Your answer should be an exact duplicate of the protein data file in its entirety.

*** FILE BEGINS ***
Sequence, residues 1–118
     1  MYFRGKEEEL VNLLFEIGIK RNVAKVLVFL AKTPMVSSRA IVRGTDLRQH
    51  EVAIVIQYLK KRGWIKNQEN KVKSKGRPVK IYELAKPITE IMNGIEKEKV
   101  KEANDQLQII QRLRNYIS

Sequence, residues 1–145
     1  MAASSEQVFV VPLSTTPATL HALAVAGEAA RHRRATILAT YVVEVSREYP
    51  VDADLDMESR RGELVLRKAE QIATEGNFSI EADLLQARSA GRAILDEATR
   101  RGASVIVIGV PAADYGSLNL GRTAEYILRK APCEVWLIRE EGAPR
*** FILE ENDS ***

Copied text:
Sequence, residues 1–118
     1  MYFRGKEEEL VNLLFEIGIK RNVAKVLVFL AKTPMVSSRA IVRGTDLRQH
    51  EVAIVIQYLK KRGWIKNQEN KVKSKGRPVK IYELAKPITE IMNGIEKEKV
   101  KEANDQLQII QRLRNYIS

Sequence, residues 1–145
     1  MAASSEQVFV VPLSTTPATL HALAVAGEAA RHRRATILAT YVVEVSREYP
    51  VDADLDMESR RGELVLRKAE QIATEGNFSI EADLLQARSA GRAILDEATR
   101  RGASVIVIGV PAADYGSLNL GRTAEYILRK APCEVWLIRE EGAPR